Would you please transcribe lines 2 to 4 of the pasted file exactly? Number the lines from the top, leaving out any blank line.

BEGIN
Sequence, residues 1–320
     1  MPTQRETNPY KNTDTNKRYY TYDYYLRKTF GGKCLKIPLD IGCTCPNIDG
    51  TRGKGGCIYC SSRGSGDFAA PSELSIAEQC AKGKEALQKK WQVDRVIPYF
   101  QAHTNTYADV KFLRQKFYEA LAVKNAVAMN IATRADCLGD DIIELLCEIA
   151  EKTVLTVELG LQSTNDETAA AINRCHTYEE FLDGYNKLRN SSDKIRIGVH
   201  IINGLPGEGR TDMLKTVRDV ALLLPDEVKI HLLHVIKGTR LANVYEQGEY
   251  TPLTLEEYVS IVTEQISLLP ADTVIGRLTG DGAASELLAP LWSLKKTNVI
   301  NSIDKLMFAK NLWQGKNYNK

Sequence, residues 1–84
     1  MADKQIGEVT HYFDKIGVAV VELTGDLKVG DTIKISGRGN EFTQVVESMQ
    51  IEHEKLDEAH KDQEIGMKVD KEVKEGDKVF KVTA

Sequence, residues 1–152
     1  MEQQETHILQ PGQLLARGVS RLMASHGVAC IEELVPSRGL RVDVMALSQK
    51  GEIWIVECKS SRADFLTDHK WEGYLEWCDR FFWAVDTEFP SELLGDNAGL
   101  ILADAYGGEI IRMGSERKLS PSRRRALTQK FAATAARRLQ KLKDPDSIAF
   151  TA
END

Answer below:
     1  MPTQRETNPY KNTDTNKRYY TYDYYLRKTF GGKCLKIPLD IGCTCPNIDG
    51  TRGKGGCIYC SSRGSGDFAA PSELSIAEQC AKGKEALQKK WQVDRVIPYF
   101  QAHTNTYADV KFLRQKFYEA LAVKNAVAMN IATRADCLGD DIIELLCEIA